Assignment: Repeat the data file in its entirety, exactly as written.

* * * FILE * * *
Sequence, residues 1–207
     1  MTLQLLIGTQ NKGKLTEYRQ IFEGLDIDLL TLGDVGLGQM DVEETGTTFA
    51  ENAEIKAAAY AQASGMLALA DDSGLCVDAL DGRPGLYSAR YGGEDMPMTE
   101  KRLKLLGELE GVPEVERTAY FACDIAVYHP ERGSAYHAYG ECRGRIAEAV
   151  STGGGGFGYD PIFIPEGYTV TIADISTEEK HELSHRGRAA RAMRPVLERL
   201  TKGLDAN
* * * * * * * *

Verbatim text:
Sequence, residues 1–207
     1  MTLQLLIGTQ NKGKLTEYRQ IFEGLDIDLL TLGDVGLGQM DVEETGTTFA
    51  ENAEIKAAAY AQASGMLALA DDSGLCVDAL DGRPGLYSAR YGGEDMPMTE
   101  KRLKLLGELE GVPEVERTAY FACDIAVYHP ERGSAYHAYG ECRGRIAEAV
   151  STGGGGFGYD PIFIPEGYTV TIADISTEEK HELSHRGRAA RAMRPVLERL
   201  TKGLDAN